Saturday, August 20, 2011
A new production opened Thursday at the Soulpepper Theatre Company in Toronto and it was quite the emotional rollercoaster ride. It's the story of Cape Race, played very well by Mike Ross, a young lawyer tending to his sick father at home. Stressed out by his work and his broken marriage, Cape decides to end it all by jumping off a bridge. But just before he falls, the voice of a small, white dog is heard telling him to stop and that his mission to re-unite his divorced parents must be fulfilled. This throws Cape into a spiral of frustrated angst as he struggles with his own feelings surrounding his mother, gagging on the word itself, and reconciling with his ill father whose fears of dying and his regressive memories have driven him crazy. In the mix is the character of Pony, beautifully played by the engaging Micheala Washburn. Pony is an ex-ambulance driver looking for salvation in the big city. At first glance she is the Ying to Cape’s Yang, a happy yet doubtful young woman who comes looking for her dog. (Cape assumes it’s the white one.) But Cape is soon to discover that Pony is not the good omen he thought she was.
Friday, August 19, 2011
The Music Room, which Ray made between the second and third films of his justly acclaimed The Apu Trilogy, may (as critic Pauline Kael once suggested) reflect the same themes of cultural futility as Chekhov's The Cherry Orchard. But if that's so, The Music Room is The Cherry Orchard seen through the gothic sensibility of Edgar Allan Poe's "The Fall of the House of Usher." The Music Room (which Criterion has just released this summer in both regular and Blu-ray) is about how a once powerful aristocrat stubbornly clings to the past through his opulent staging of musicales. But, in doing so, he destroys his family and his life.
|Chhabi Biswas as Roy|
Thursday, August 18, 2011
|Oliver Dennis & Karen Rae|
It is not just the King who is dying, so is his kingdom. In his vigorous youth, he lorded over millions of people, successfully battled thousands of enemies, did everything from single-handedly splitting the atom to inventing the car and computer, and he could even control the weather. It would not rain unless he said so. Now, as he is dying, his kingdom is literally vanishing. The people are all gone, his achievements are forgotten, and the land itself is shrinking and shrinking. His castle is a slanted ruin and a gigantic crack is splitting it in half. The irony here? Ionesco was far from dying. He recovered and lived until 1994.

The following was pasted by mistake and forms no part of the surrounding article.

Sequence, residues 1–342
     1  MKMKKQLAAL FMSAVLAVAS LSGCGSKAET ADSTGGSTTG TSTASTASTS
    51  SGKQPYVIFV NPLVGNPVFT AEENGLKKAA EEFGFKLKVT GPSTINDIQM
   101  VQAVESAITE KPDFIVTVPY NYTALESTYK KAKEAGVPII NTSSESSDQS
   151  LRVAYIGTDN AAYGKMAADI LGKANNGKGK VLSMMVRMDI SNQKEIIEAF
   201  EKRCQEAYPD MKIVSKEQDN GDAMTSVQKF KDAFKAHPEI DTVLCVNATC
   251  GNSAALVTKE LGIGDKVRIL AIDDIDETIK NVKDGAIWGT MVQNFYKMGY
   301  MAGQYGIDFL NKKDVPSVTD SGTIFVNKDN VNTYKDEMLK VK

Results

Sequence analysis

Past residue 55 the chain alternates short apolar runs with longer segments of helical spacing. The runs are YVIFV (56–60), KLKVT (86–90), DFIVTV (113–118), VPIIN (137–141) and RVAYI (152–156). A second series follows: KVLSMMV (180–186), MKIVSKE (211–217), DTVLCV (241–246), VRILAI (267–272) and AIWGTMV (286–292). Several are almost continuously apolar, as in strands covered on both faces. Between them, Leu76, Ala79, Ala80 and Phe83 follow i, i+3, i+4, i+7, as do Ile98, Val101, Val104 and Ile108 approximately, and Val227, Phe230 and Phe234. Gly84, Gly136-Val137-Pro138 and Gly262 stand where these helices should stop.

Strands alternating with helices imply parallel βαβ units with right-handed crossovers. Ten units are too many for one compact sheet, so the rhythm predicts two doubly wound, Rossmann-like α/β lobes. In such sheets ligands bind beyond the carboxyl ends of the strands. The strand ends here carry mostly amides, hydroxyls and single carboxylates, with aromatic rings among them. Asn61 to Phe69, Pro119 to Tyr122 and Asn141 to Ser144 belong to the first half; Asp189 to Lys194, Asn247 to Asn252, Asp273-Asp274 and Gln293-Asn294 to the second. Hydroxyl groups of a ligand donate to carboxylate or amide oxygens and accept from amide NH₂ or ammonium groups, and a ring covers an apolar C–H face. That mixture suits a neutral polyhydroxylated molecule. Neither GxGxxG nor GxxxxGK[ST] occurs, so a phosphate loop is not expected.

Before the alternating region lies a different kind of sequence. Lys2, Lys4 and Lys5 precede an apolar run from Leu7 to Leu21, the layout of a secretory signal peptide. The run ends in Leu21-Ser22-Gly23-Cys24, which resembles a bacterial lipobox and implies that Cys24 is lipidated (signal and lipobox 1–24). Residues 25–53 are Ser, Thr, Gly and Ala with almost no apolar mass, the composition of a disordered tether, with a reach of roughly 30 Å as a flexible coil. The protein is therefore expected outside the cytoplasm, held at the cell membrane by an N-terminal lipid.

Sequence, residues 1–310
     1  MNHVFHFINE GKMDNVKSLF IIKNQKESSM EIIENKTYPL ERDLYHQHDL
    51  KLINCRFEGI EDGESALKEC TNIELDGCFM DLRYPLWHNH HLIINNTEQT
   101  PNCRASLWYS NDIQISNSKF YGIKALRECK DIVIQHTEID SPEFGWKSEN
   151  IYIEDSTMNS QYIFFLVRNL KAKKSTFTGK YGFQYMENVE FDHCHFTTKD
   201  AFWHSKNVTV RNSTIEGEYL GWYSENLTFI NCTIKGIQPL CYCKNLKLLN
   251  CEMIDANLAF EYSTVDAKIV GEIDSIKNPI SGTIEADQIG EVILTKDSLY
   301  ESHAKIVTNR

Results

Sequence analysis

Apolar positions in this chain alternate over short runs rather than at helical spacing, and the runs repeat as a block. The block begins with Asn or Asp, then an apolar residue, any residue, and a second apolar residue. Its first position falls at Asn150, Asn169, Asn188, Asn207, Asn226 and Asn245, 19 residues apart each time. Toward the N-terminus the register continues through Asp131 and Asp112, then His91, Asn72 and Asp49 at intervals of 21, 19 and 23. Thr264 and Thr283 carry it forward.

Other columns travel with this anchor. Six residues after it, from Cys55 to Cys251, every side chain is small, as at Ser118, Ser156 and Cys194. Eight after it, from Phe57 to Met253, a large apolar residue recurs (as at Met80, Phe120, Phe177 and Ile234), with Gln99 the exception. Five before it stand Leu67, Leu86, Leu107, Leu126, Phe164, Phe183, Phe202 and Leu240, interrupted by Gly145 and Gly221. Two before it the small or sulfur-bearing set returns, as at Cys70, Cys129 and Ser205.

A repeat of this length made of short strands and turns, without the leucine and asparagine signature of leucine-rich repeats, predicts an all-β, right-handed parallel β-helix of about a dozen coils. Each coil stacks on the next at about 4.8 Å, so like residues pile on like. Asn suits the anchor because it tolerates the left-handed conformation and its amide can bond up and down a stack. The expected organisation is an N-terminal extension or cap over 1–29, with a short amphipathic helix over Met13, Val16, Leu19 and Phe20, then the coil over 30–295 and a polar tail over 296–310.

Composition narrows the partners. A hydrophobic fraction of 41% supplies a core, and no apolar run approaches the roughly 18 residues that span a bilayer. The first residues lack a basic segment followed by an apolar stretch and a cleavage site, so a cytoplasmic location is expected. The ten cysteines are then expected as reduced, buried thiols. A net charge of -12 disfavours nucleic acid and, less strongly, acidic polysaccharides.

Wednesday, August 17, 2011
Tuesday, August 16, 2011
Another Earth, Ballast) acquired upon their subsequent release. In any case, here is the latest entry in a series of disparate movies you really ought to see.
Monday, August 15, 2011
For Stephen Sondheim aficionados, Company is beloved as the watershed musical that established him as a musical-theatre innovator. In a number of his early musicals he supplied the lyrics for the music of older, established composers (Leonard Bernstein on West Side Story, Jule Styne on Gypsy, Richard Rodgers on Do I Hear a Waltz?). His professional debut as a composer-lyricist was A Funny Thing Happened on the Way to the Forum in 1962, but that was an old-fashioned vaudeville along the lines of Rodgers and Hart’s The Boys from Syracuse – and bizarrely, though the score was ingenious, Larry Gelbart and Burt Shevelove’s libretto received all the attention. (His other solo effort, a strained, distinctly sixties satirical farce called Anyone Can Whistle, closed after 11 performances. The Encores! series of concert-style musical revivals at New York’s City Center staged it two seasons ago with a superlative cast, but engaging as the production was you could see exactly why the show had bombed in 1964.)
Sunday, August 14, 2011
My name is Laura and I am a librarian.
Upon revealing my profession to strangers I am almost guaranteed the following reaction: “Oh, but you don’t look like a librarian.” Yes, many have extremely strong, and learned, stereotypes about these professionals and the places they work. Many probably assume that their local librarian is a shy, shushing, anal-retentive, nerdy bookworm who lives with several cats. She probably likes knitting, wears cardigans, collects and categorizes things, and has sensible shoes. (Note: I tend to refer to a librarian as a “she” because the profession does seem to attract the fairer sex. In my library program we outnumbered the dudes about ten to one. I still do not understand why more post-undergraduate straight men don’t take advantage of this opportunity.) With regard to these stereotypes: okay, I’m busted. I’m guilty of most of those characteristics. (With the exception of the cats and the sensible shoes part.) The problem with the librarian and library stereotypes, though, may not be that we do not possess any of these characteristics, but that we possess so much more.
Librarians, in fact, are not-so-quiet, super-interesting, super-educated, and technologically savvy professionals. To practice in most libraries you have to acquire a Masters degree in either Library or Information Management. Many librarians – particularly subject specialists, the innately curious, or the overly ambitious – may have multiple graduate degrees and even PhDs. Yes, these poor folks you see at your local branch are actually hot shit, but, for the love of humanity, they are toiling to service patrons such as yourself.